The Tories do NOT need a majority to deliver Brexit. Regardless of the length of the extension, the prime minister can still try to push his deal through Parliament.

However, if the government is unable to implement his deal (or another) before the new deadline, the UK would automatically leave without a deal – no ifs, no buts. This tactic would turn the tables immediately on remainer politicians and remove any chance of remaining in the EU – forcing politicians to either vote for Johnson’s deal or face the alternative, a no deal Brexit. Calling a General Election before Brexit is implemented is an unnecessary risk that – particularly in the absence of a pact between the Tories and Brexit Party would immediately prevent this option from being achievable and could easily lead to a socialist/anti-Brexit government.

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Corbyn out campaigning with MP Lisa Forbes in the run-up to the crooked Peterborough By-Election.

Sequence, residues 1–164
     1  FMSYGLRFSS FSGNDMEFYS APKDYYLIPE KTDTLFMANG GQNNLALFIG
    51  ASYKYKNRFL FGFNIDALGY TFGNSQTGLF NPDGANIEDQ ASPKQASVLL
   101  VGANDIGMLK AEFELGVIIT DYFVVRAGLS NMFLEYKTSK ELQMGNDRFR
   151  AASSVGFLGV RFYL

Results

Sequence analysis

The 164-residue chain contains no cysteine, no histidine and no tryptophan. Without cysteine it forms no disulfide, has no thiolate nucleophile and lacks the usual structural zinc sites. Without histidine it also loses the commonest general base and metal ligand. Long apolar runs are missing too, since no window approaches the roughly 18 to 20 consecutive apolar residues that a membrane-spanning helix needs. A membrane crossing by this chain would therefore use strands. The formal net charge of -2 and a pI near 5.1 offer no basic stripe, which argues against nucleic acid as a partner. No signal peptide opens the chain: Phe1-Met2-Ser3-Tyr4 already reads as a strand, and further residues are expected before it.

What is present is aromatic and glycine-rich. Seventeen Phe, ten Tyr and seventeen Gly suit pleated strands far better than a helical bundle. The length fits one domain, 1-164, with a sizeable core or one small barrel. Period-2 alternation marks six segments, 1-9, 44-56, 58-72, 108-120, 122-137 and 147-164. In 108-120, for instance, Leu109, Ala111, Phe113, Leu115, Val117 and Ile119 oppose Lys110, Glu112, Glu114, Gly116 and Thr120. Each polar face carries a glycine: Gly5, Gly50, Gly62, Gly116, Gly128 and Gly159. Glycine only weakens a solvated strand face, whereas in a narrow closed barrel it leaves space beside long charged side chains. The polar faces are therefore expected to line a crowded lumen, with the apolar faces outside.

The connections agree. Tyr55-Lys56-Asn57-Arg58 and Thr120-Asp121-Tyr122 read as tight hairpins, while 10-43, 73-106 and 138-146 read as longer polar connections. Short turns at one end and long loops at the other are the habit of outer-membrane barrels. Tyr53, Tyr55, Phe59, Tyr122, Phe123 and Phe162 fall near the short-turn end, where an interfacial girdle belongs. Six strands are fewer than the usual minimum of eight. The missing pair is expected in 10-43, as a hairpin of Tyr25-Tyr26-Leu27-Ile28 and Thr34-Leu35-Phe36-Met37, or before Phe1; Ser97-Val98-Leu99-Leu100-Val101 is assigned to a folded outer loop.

More controversially, yet no less of an option, Boris Johnson could simply ignore the law and force through Brexit.

Former Conservative leader Iain Duncan Smith has recently urged the PM to ignore the law and said that he would be a Brexit “martyr”.

If this happened, Johnson could be found in contempt of court and risks being sent to prison . Yet the support of millions of people across the country and the public outrage that Johnson’s imprisonment would naturally spark would be certain to ensure that the PM doesn’t see a jail cell.

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Britain does not have a written constitution, but it DOES have various acts of legislature that form the backbone of the British legal system and a legal guideline for British politics. One such document is the 1689 Bill of Rights.

The Bill of Rights lays down limits on the powers of the monarch and sets out the rights of Parliament, including the requirement for regular parliaments, free elections, and freedom of speech in Parliament.

The Bill of Rights clearly states that no court may interfere with Parliamentary decisions – afterall, Parliament was created to represent millions of people and move away from a small handful of elites forcing decisions upon the public.